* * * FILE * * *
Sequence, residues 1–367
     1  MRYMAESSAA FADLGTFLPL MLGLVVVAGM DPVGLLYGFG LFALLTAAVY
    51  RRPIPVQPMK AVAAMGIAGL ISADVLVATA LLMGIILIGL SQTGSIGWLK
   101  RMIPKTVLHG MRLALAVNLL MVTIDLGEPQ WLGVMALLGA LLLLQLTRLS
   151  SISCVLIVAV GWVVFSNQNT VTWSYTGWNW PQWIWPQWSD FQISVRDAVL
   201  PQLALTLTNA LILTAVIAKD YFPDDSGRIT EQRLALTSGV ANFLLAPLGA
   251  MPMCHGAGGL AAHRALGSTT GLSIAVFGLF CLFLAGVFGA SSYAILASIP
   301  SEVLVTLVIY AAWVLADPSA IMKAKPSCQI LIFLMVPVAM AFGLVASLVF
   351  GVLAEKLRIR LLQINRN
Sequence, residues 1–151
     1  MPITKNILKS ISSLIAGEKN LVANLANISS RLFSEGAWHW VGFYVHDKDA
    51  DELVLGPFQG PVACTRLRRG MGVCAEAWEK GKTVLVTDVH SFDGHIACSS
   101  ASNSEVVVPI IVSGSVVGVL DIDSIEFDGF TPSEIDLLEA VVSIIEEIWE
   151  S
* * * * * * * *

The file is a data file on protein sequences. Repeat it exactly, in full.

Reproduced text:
Sequence, residues 1–367
     1  MRYMAESSAA FADLGTFLPL MLGLVVVAGM DPVGLLYGFG LFALLTAAVY
    51  RRPIPVQPMK AVAAMGIAGL ISADVLVATA LLMGIILIGL SQTGSIGWLK
   101  RMIPKTVLHG MRLALAVNLL MVTIDLGEPQ WLGVMALLGA LLLLQLTRLS
   151  SISCVLIVAV GWVVFSNQNT VTWSYTGWNW PQWIWPQWSD FQISVRDAVL
   201  PQLALTLTNA LILTAVIAKD YFPDDSGRIT EQRLALTSGV ANFLLAPLGA
   251  MPMCHGAGGL AAHRALGSTT GLSIAVFGLF CLFLAGVFGA SSYAILASIP
   301  SEVLVTLVIY AAWVLADPSA IMKAKPSCQI LIFLMVPVAM AFGLVASLVF
   351  GVLAEKLRIR LLQINRN
Sequence, residues 1–151
     1  MPITKNILKS ISSLIAGEKN LVANLANISS RLFSEGAWHW VGFYVHDKDA
    51  DELVLGPFQG PVACTRLRRG MGVCAEAWEK GKTVLVTDVH SFDGHIACSS
   101  ASNSEVVVPI IVSGSVVGVL DIDSIEFDGF TPSEIDLLEA VVSIIEEIWE
   151  S